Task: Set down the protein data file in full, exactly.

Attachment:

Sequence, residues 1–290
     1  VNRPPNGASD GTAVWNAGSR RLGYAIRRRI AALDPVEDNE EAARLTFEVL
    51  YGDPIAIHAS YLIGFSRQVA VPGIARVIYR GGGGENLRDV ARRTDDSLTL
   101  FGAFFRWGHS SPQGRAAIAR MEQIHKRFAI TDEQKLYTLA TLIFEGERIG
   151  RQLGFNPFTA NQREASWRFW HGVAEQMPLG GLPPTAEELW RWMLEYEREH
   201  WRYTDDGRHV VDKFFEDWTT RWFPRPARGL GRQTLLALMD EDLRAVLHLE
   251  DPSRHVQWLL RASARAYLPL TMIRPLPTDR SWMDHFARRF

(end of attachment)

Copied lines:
Sequence, residues 1–290
     1  VNRPPNGASD GTAVWNAGSR RLGYAIRRRI AALDPVEDNE EAARLTFEVL
    51  YGDPIAIHAS YLIGFSRQVA VPGIARVIYR GGGGENLRDV ARRTDDSLTL
   101  FGAFFRWGHS SPQGRAAIAR MEQIHKRFAI TDEQKLYTLA TLIFEGERIG
   151  RQLGFNPFTA NQREASWRFW HGVAEQMPLG GLPPTAEELW RWMLEYEREH
   201  WRYTDDGRHV VDKFFEDWTT RWFPRPARGL GRQTLLALMD EDLRAVLHLE
   251  DPSRHVQWLL RASARAYLPL TMIRPLPTDR SWMDHFARRF